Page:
Tips for Watching Debates

Showing political debates in a public speaking course provides real life learning for students. Prepare your students though!

Watching debates in a public speaking class provides ample learning opportunities. Students can watch well-prepared, practiced speakers. You can discuss debate strategies and verbal/ nonverbal skills with students. Almost every idea in a public speaking class? – part of the presidential debates.

But you know, high school students can vote, or are almost of age to vote. Most students have intense opinions on the political process and candidates. That isn’t a problem until behavior turns nasty or hijacks the lesson. Not knowing how to properly convey feelings and having intense emotions is part of the age group. All of this can lead to a messy lesson, one where students didn’t learn from watching the debate.

I’ve shown debates numerous times in a public speaking course. Every experience varies, but I have found what works most of the time to ensure students learn authentic speech concepts. Here are my tips for watching debates with public speaking students.

Don’t show all of the debate.

Plan segments to show before class. (I complete this lesson plan at night). I watch the debate, noting where I think students will have the best learning opportunities. I look for ideas such as anaphora, parallelism, and tricolon.

The debates are typically on news websites. I time mark certain learning opportunities and create a quick handout for student notes. Other times, I tell students to find a certain number of verbal and nonverbal positive/ negative examples (or whatever forensic term we’re studying).

And? Show both parties’ debates. It’s only fair.

Plan, plan, plan.

Plan how to approach your students. You know your students. Mark a few ideas of where potential problems could exist. Has a student vocalized intense feelings about a topic? Warn students ahead of time of what they will see – either as a class, or as individuals. It may be odd to watch a debate and not discuss the politics, but students should learn that the rhetoric skills they see influence those ideas. Encourage them to see that debates have numerous levels, and this is simply one of them.

Also plan the guidelines that will help your students. Classes are different. I can specifically recall classes that if I said, we’ll be kind to each other and respect political differences,  that is would absolutely happen. Other classes, I needed to make notes for myself where I should sit. I typed up behavior guidelines for students to reference – for me to note during viewing. When in doubt, be proactive.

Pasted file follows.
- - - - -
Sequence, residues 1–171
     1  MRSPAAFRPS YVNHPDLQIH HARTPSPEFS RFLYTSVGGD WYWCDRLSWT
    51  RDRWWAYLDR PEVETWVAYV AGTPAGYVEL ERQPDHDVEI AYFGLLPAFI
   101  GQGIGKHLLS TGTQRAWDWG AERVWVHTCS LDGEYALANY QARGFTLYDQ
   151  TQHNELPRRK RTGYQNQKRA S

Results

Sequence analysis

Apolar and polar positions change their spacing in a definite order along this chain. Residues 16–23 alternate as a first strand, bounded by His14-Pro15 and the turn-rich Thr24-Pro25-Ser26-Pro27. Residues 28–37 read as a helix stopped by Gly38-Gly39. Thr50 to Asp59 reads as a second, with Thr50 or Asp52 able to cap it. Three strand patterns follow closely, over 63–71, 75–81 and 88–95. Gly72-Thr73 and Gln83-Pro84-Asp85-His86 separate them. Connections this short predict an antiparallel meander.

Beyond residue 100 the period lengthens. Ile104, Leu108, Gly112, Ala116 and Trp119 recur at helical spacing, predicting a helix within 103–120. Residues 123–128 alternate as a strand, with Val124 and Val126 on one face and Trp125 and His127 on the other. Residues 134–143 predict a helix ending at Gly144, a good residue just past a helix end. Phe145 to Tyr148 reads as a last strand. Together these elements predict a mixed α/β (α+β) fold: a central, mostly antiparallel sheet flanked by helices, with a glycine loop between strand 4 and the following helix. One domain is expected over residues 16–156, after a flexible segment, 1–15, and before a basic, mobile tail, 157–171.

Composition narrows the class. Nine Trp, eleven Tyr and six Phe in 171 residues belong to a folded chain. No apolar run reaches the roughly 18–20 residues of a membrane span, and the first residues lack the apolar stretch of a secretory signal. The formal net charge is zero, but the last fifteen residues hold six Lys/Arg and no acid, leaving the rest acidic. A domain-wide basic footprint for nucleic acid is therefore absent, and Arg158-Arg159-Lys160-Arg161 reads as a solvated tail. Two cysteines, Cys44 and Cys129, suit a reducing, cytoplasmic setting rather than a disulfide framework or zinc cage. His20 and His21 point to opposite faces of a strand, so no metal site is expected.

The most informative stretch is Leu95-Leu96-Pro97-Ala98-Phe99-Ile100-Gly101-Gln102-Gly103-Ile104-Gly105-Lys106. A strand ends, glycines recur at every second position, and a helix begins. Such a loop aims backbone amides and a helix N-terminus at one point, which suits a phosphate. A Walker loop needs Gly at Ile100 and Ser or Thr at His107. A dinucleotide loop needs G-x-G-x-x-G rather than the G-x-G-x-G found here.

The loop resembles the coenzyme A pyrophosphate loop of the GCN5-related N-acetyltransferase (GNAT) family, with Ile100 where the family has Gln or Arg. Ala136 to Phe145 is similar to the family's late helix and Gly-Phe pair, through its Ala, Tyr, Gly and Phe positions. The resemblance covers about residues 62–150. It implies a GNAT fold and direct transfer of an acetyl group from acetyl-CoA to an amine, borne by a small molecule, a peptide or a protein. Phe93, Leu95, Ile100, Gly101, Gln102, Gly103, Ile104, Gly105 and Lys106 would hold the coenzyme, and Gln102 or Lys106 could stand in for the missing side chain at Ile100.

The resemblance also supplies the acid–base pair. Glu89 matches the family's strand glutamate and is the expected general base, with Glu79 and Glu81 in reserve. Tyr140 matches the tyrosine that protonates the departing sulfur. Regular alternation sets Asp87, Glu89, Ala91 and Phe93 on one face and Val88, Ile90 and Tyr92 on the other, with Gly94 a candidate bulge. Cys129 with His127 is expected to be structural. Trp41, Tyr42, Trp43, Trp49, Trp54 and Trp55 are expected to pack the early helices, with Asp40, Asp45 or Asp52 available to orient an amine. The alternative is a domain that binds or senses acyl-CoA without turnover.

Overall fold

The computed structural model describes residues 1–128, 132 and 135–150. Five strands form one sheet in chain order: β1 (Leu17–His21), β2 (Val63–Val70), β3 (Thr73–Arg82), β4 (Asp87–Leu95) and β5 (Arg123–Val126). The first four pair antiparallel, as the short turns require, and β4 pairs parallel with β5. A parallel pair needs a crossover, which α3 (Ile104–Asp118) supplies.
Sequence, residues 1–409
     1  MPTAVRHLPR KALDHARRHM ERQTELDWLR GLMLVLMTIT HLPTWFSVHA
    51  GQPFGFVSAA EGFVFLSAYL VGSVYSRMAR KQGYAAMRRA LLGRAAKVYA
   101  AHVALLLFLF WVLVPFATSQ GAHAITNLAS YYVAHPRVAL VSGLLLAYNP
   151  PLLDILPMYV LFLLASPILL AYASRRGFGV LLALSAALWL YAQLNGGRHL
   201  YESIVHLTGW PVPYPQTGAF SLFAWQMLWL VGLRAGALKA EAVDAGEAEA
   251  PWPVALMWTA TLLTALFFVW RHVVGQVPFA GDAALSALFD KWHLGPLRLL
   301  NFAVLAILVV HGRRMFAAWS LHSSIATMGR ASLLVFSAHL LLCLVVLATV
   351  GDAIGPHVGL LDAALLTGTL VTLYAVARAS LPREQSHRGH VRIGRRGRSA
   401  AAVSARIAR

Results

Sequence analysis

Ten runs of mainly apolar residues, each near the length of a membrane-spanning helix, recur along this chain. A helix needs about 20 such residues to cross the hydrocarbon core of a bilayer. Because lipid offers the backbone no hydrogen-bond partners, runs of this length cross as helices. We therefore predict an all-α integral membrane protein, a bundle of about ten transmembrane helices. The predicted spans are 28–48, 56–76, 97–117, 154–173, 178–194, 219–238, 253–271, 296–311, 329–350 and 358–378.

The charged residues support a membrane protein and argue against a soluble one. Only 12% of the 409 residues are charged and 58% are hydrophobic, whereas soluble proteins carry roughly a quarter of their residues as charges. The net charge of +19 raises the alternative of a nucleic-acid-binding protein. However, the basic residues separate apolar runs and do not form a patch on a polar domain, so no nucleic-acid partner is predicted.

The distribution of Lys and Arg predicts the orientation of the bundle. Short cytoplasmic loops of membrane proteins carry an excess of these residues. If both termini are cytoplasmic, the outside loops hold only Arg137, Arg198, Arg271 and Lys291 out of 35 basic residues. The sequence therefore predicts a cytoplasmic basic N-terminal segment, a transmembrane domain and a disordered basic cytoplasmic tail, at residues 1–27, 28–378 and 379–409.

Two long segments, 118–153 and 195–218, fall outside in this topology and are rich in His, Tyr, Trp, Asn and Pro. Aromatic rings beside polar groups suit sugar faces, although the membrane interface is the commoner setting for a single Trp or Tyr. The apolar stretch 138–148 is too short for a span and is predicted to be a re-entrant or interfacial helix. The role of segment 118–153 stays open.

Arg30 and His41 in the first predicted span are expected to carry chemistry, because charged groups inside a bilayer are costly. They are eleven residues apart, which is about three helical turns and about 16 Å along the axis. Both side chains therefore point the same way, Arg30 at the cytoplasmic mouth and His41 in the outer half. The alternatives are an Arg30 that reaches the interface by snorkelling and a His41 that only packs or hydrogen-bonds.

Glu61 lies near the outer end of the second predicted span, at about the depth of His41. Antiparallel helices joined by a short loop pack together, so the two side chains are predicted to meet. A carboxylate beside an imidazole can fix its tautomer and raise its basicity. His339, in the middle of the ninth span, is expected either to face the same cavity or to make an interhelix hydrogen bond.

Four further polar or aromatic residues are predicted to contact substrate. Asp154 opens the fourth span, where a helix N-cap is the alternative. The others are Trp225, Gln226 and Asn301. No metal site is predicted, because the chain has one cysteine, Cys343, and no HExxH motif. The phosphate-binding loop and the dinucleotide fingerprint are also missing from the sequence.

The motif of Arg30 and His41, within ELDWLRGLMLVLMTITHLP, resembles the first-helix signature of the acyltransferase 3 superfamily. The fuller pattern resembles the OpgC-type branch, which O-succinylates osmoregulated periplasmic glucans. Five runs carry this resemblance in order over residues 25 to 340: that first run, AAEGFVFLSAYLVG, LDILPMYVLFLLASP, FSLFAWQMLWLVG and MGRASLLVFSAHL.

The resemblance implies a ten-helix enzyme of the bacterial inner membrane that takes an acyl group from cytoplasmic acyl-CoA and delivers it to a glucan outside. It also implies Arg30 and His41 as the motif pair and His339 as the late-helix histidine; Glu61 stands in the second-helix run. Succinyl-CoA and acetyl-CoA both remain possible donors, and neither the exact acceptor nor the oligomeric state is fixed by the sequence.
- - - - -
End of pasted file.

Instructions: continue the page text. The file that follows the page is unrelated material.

Political debates can serve as useful learning tools, especially in a public speaking course with secondary students. Teachers should be prepared and explain guidelines though. Read how to plan.

Explain, explain, and explain expectations. 

Once you’ve decided what to show, explain what they will see. Explain your expectations for their conversations. Explain where their focus should be. (Verbal skills? A particular nonverbal component?) Prepping students for watching a political debate smooths the lesson.

Remind students where they develop political ideals from – life experiences, gender, religion, and on. Students will contribute to this discussion, and you can lead them to realize that no two people have the exactly the same political beliefs. Build empathy, and then you can allow a brief discussion of politics.

Allow students to discuss politics.

After a few experiences showing debates, I kept fifteen minutes from the end of class for political discussion. That way, I met the objectives of my lessons – analyzing the presentation and not the content – and students knew they would have a chance to speak later.

Finally, force students to ground their arguments in research. If a topic wasn’t going away, I encouraged students to find research and bring it to the next class period. This also gave me a chance to discuss primary and secondary sources.

Honestly, I’ve started to show debates to some classes and had to stop. The heckling and name calling bordered on bullying, and it was an unsafe environment. Watching debates requires students to behave, and if students won’t handle hearing different opinions, then we’ll study something else. (Perhaps interpersonal communication).

That happens rarely because I explain to students that I will stop showing the debates, and they understand that learning from real life is the best way to spend a class period. Students feel passionate about certain subjects. This is wonderful! As teachers, we need to maneuver that energy into positive speech. Both ideas belong in a public speaking course. I simply choose to focus on the speaking portions more than the content.

Watching debates entertains students, and it can fit it most public speaking lesson plans.

I wrote this as an American teacher. Teachers from other countries, do you share similar experiences? I’m interested to hear them!

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